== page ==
A number of well-known maintenance, repair and overhaul organisations (MROs) in the aviation industry are located in Germany, including Lufthansa Technik (LHT), MTU and Elbe Flugzeugwerke. Although airlines often have in-house capabilities due to European Aviation Safety Agency or Federal Aviation Regulation Part 145 (or similar) approval, they also use third-party MROs. Such use may even increase for next generation aircraft due to high start-up costs, expensive tooling and more complex repairs. As airlines must constantly strive to reduce maintenance costs, it is prudent to carefully review and negotiate contracts with MROs.
MROs often insist that contracts must be governed by the law of their home jurisdiction. This article addresses a selection of important issues that must be considered when negotiating so-called 'time and material' or 'power by the hour' (PBH) contracts.
Skeyos marketplace recently launched an online module which aims to revolutionise how buy-and-repair decisions are made for aircraft parts and components. Established in January 2018 and headquartered in Hamburg, Skeyos is an independent spinoff of LHT. In June 2019, at the MRO Procurement Expo in Frankfurt, Skeyos unveiled this new module which has a comparison functionality for repairs and parts, allowing purchasers of components or MRO services to compare and review what is available and at what price.
The PBH rate at a respective event could be calculated either by:
- multiplying the hours operated each year by the rate that is applicable in the respective year; or
- multiplying all of the hours (from the beginning of the term or the last event, as applicable) until the payment date with the adjusted rate that applies in the year of the event.
Detailed negotiation, as interpreted by the German courts (in particular, according to decisions of the highest German civil court) means that negotiations can be considered to have taken place only if the user (of such standard business terms) makes the content of the respective clause that deviates from the law available for discussion and grants the other contracting party the freedom to safeguard its own interests with at least the effective possibility of influencing the content of the respective clause. Thus, the party providing the first contract draft must clearly and genuinely declare its willingness to make the desired changes to individual clauses. As a general rule, negotiation is reflected in amendments to the pre-formulated text. On the other side, it is insufficient if the party (that provided the first draft) just expressed its general willingness to amend clauses if the respective clause that allegedly was subject to negotiation has actually not been amended.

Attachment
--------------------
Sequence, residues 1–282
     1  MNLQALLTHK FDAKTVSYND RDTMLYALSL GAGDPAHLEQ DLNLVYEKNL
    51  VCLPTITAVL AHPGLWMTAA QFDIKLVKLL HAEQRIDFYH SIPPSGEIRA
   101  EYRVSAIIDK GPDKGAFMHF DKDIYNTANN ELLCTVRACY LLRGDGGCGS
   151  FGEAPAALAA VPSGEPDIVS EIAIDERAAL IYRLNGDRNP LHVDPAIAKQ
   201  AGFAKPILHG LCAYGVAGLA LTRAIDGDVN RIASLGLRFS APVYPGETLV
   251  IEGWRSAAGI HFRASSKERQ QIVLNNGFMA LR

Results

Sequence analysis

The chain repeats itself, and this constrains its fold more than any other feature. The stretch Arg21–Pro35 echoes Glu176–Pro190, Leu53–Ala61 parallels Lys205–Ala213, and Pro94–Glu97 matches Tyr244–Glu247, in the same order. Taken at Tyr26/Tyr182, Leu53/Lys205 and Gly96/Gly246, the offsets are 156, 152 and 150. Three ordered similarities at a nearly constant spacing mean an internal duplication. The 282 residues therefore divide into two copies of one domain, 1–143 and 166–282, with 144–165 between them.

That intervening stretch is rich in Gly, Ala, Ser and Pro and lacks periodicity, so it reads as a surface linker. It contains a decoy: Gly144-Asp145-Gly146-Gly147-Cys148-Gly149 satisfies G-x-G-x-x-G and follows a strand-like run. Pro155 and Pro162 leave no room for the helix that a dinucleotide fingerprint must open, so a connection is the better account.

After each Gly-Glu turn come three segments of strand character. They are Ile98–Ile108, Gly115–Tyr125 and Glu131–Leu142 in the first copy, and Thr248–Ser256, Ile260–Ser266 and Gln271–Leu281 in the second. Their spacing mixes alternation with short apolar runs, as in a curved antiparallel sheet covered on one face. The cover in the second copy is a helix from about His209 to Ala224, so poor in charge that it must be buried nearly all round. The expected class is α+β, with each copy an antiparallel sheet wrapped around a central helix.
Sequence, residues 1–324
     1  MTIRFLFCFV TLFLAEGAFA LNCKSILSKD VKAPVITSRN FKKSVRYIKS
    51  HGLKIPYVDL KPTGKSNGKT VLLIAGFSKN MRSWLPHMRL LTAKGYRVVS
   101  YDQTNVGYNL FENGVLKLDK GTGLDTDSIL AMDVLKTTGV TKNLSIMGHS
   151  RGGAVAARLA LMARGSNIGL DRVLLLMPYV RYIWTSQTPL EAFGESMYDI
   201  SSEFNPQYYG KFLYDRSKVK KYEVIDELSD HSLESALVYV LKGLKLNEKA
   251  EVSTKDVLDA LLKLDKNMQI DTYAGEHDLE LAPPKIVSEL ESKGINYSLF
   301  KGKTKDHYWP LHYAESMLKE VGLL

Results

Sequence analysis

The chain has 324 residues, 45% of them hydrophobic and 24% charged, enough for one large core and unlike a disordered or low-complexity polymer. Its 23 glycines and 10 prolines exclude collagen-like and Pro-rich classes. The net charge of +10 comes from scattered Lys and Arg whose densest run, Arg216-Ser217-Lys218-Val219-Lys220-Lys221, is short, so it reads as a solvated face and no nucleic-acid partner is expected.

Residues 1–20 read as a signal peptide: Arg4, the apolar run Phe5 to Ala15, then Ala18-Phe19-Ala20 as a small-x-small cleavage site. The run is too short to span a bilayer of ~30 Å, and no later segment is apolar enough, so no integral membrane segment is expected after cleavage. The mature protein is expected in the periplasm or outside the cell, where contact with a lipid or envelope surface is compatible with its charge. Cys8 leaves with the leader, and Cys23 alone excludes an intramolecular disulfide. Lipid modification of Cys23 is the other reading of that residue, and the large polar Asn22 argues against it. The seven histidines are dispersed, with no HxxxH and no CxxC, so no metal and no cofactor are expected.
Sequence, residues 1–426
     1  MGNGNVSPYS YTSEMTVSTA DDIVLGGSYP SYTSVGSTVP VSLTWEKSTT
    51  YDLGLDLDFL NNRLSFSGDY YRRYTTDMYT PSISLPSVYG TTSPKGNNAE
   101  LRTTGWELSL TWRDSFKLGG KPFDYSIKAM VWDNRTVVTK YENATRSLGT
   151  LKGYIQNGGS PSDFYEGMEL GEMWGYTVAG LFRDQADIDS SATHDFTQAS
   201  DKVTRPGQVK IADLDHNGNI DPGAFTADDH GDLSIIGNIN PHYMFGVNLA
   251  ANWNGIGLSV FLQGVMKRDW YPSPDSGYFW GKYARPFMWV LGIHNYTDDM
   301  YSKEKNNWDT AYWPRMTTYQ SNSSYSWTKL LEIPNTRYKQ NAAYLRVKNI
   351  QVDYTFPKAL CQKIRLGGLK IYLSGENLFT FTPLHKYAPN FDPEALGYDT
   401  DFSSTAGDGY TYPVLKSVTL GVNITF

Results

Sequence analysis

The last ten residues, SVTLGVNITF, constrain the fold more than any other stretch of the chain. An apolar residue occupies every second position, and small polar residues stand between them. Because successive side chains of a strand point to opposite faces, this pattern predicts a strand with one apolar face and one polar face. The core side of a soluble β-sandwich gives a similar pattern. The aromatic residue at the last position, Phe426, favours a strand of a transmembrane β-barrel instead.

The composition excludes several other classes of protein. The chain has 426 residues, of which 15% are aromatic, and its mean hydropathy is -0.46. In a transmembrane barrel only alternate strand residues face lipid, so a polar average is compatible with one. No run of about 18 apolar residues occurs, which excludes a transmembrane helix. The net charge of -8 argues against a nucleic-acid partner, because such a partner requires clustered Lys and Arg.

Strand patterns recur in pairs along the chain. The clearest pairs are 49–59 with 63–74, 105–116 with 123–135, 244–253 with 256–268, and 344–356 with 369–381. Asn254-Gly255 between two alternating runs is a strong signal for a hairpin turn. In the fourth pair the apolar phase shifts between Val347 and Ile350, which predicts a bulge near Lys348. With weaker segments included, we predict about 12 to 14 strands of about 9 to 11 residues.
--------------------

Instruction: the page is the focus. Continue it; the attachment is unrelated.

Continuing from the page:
Although co-insurance can usually be requested at no additional cost, this should not apply in a scenario in which the damages were caused at least by negligence of the MRO, its employees or subcontractors. If the airline uses its insurance to compensate any damages, the insurance premiums payable by the airline later on may be increased for such use. Moreover, MROs have their own hangar keeper insurance which (at least for a German MRO) also covers damages negligently caused by the MRO. Thus, in such cases, the MRO should request its insurer to pay for such damages and not the airline's insurer and a respective carve-out should be included in the insurance clause of the MRO contract.
The investment required for aircraft redelivery is frequently and significantly underestimated by airlines in terms of finances, time and expertise. In addition, the International Bureau of Aviation has stated that many of the stipulations required by lessors during negotiation of redelivery conditions go beyond the standard requirements and airworthiness tasks that the manufacturers' maintenance planning document typically requires. Therefore, airlines often underestimate the quantity of actual work under the conditions of a lease agreement.
Further, if a lessee is late redelivering an aircraft, it must continue to pay rent to the lessor and often at an increasing rate. Cost increases may be applied directly after the scheduled expiry date or after a certain period pursuant to a certain scale, and could be as high as 200%.
As a result, rental payments can add considerably to the cost of aircraft redelivery. Operators should therefore review lease agreements to fully understand the cost implications of redelivery and seek external expertise for advice during lease negotiations and supervision on redelivery.
A definition of 'engine overhaul' in a lease agreement may be problematic if it means the "full performance restoration of all of the Engine core modules" as that definition is often relevant for the reimbursement of maintenance reserves from the lessor to the lessee and in such case they are only reimbursed to the lessee if a full performance restoration of all engine core modules has been actually performed. Moreover, the definition could include a provision that after such an overhaul, all life-limited parts shall have at least a certain number of flight hours or cycles remaining. If so, certain life-limited parts may need replacing earlier than necessary.
Please see the recent webinar on German MROs hosted by Lexology for further details. Watch it on demand now to learn more.
This article was first published by the International Law Office, a premium online legal update service for major companies and law firms worldwide. Register for a free subscription.